300 O Solomon, where art thou?

A painting by Jan Steen of a wedding night disturbed by a demon and saved by an archangel was cut in two in the distant past and put back together again in 1996. Ownership of the larger, more attractive part has now been awarded to the heirs of a Dutch Jewish art dealer to whom it belonged in 1940. What is going to happen now? Ending with an appeal to Marei von Saher.


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291 Image of the beautiful black

One in so many Western works of art contains an image of a person we would call black. The phenomenon attracts relatively little attention in art history. The Menil Foundation went after it seriously, in a project now inherited by the Warburg Institute. An exhibition in the Nieuwe Kerk in Amsterdam offers a sanitized view of the black in Dutch and Flemish art.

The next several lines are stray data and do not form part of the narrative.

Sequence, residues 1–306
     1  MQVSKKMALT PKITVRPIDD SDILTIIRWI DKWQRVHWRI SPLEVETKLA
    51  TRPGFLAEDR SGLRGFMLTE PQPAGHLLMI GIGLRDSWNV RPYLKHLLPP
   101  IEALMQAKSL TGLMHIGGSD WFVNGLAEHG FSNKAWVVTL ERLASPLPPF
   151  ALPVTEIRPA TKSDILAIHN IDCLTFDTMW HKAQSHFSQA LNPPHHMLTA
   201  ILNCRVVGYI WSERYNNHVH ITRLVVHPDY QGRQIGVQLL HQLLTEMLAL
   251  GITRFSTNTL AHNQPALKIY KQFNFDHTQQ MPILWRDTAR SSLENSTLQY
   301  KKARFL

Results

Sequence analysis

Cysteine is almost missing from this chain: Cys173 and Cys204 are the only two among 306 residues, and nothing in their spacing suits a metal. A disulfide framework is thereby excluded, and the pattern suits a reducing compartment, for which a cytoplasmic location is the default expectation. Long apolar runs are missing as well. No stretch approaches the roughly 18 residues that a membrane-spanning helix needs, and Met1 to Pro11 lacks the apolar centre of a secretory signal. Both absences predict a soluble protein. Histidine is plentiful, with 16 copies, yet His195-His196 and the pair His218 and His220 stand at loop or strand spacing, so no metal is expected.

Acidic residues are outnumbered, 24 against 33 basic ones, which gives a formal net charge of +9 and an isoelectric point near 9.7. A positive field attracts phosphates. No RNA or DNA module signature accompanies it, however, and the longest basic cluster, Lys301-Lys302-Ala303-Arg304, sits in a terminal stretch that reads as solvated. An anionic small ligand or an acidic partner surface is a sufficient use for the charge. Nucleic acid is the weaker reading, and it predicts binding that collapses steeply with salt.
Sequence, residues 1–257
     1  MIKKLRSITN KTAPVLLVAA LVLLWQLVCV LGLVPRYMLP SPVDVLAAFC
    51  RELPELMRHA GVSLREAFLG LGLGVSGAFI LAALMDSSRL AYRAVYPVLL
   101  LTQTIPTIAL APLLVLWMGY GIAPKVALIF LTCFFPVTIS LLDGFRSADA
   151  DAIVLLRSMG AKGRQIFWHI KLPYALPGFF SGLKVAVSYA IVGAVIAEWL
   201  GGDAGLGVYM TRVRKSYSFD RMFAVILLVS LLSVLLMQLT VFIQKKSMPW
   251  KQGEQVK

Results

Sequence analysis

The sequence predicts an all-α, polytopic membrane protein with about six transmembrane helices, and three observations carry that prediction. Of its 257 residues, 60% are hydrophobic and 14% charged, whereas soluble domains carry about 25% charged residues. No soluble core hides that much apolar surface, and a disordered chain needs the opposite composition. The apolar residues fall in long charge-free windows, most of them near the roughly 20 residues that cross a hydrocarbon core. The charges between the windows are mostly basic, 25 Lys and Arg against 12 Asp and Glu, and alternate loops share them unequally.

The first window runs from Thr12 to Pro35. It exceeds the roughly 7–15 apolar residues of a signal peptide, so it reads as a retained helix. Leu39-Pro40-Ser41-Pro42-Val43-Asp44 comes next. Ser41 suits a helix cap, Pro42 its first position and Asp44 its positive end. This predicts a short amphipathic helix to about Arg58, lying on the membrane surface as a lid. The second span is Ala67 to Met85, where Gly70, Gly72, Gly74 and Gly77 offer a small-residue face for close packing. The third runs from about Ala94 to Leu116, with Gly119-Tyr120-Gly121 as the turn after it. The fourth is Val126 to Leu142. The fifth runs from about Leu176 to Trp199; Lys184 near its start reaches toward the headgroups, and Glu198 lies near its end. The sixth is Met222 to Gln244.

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252 The third poem

A friend of Rembrandt’s wrote four poems on The hundred-guilder print. Only two of them, sweet thoughts on the goodness of Christ, are cited in the literature. The third one, a concise statement of classical Christian anti-Judaism, has been repressed in the Rembrandt literature. Schwartz insists that we acknowledge that Rembrandt shared the same attitudes toward the Jews of all his contemporaries and that he was not sympathetic to Judaism. Continue reading “252 The third poem”

227 Senseless sensibility

Two exhibitions of Dutch genre paintings take competing approaches to the interpretation of these irresistible depictions of everyday life. One show, in Haarlem and Hamburg, interprets them as moral warnings to the viewer; another, in Rotterdam and Frankfurt, sees them as nothing more than fun subjects. Schwartz introduces into the discussion the ideas of the literary historian René van Stipriaan, whose theories about farces for the stage open new possibilities for interpreting paintings as well.

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